Coast to Coast: Tom Morton-Smith premieres In Doggerland
As a shoreline erodes, a brother and sister try to make a new start – and with In Doggerland, playwright Tom Morton-Smith continues his upward trajectory
Doggerland was – some 8000 years ago – a landmass in the North Sea connecting the east coast of Britain to mainland Europe. Despite existing during an Ice Age, Doggerland was apparently a rich environment, home to not only humans but also animals, including mammoths and lions. The tale of this lost, unknowable land has inspired a trilogy of science fiction novels (Stephen Baxter's Northland), academic studies and an episode of Time Team. It is also one of the inspirations behind In Doggerland, a new play by Tom Morton-Smith.
Produced by Manchester's Box of Tricks, In Doggerland is about siblings Marnie and Linus as they search for their home, family and identity on an eroding coastline. Morton-Smith is a witty and poignant voice among the UK's emerging dramatic writers. His work has been described by blog A Younger Theatre as 'raw, nimble and devastating,' three words that sum up the simultaneous lightness and emotional depth of the characters and inner worlds he creates. Salt Meets Wound, his debut full-length work, examined the War on Terror through one Londoner's journey to Uzbekistan. More recently, 2012's Everyday Maps for Everyday Use was an exploration of modern sexual desire, cartography and amateur astronomy.
Like many contemporary playwrights, Morton-Smith has followed a familiar route from being a normal person to a person who writes plays as a professional. He gained experience on stage (he studied acting at LAMDA after graduating with a drama degree from the University of East Anglia) before experimenting with writing, and developed the skill at new writing platforms in fringe-theatre pubs and black-box, off-West End spaces across London. Early short plays, plus a show at the National Student Drama Festival, led to Salt Meets Wound – and during 2007 and 2008 he was a writer-in-residence for Paines Plough, a London-based theatre company renowned for their 40 years of commitment to supporting and developing talent. This year-long writer's residency is a club with an exclusive membership, often with a radical liberal leaning. Previous writers attached to the company include Dennis Kelly (the teacher-turned-wordsmith behind Channel 4's dystopian drama Utopia) and Sarah Kane (writer of the ferocious Blasted, an exploration of the impact of civil war and a must-read on undergraduate drama courses). The experience was an important one for Morton-Smith's development as a writer.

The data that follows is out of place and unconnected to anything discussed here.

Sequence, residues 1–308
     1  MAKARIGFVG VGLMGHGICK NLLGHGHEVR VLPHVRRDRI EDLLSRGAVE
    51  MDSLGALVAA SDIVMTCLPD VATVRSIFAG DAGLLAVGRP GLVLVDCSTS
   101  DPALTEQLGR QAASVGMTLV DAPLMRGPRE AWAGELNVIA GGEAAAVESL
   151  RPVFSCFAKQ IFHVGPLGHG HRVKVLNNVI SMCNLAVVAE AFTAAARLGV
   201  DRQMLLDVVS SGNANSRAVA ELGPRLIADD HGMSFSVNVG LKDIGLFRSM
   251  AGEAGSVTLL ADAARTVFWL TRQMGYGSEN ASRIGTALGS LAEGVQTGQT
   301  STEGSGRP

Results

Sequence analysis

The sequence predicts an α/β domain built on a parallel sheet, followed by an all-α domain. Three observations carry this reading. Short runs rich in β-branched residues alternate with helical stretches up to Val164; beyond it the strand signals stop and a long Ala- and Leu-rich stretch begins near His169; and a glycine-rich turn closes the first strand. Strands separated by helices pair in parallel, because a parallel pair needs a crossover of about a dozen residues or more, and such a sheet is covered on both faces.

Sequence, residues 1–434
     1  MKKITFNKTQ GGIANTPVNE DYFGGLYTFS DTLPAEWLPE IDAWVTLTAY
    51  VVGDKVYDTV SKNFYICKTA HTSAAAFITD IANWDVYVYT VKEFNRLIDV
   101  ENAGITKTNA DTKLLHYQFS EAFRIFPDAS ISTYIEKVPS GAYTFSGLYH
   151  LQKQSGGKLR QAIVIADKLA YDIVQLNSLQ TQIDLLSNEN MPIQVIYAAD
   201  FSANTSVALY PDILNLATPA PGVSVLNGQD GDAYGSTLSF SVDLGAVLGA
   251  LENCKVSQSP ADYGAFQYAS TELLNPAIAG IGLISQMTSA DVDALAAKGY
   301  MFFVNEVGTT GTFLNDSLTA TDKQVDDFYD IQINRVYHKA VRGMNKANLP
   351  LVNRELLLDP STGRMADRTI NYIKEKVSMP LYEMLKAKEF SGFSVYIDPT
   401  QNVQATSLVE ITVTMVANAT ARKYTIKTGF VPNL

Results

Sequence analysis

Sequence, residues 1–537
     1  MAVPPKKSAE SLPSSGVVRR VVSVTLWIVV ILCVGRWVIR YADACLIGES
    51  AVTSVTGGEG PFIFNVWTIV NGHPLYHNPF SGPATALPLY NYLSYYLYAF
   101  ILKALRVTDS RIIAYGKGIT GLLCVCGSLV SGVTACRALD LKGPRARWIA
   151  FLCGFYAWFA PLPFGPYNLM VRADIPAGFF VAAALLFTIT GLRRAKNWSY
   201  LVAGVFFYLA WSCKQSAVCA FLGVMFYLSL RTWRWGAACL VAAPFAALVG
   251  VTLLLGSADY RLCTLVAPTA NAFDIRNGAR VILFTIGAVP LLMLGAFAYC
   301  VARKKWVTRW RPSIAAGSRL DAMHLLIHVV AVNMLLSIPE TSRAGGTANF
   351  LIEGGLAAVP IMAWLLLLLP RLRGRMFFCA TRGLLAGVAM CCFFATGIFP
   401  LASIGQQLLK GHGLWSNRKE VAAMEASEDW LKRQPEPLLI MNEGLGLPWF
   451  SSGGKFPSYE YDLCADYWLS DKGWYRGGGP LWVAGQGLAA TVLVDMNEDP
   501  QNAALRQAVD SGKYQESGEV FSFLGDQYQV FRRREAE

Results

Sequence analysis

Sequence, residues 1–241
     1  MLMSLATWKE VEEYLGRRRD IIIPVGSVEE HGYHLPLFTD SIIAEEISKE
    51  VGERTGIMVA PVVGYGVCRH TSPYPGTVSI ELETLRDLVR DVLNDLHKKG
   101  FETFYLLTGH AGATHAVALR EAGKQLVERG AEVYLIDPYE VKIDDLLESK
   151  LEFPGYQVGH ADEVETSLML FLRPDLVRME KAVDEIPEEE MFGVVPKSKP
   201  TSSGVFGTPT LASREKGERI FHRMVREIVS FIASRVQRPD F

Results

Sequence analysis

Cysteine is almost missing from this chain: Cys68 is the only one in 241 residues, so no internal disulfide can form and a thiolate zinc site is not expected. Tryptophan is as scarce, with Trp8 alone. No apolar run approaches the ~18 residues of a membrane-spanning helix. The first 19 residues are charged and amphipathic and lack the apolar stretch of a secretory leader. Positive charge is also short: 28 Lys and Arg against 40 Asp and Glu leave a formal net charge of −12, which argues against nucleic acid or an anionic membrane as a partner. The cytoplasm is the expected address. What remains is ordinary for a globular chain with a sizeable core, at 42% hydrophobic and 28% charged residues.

“Paines Plough was a fantastically supportive environment for me,” he says. “They have a small core group who were very good at letting me write what I wanted to write. At that point in my career it was great having that freedom.”
Away from Paines Plough, the writer has also worked with other notable venues and companies on the new writing scene, including Theatre503 and the Royal Court Theatre. He is currently under commission at the Royal Shakespeare Company, writing a work that he says is so “top secret” he can't even detail when it will be staged. “They have a great focus on new writing, which will continue in the future,” is all he will say for now.
Morton-Smith himself is based in the South East. Is the geographical bias towards the capital a bad thing for new drama, contributing to a London-centric approach that risks shutting out a diverse range of voices and creating a theatrical groupthink? He doesn't think so. “London is where most theatres are at the moment and has a fringe network [that] doesn't exist outside of London – at the moment,” he reiterates. “I keep telling Box of Tricks they should open a black box studio space in central Manchester, so you never know,” he laughs.
London doesn't quite have the monopoly on intimate theatre venues keen to stage new work, however – and In Doggerland tours across the UK throughout November, appearing at several Northwest theatres. An eloquent and heart-quickening play about the complications of sibling relationships, Morton-Smith explains of his work: “My intention was that all the characters are inherently good, but dealing with a bad situation. It will be moving, thought-provoking and funny.”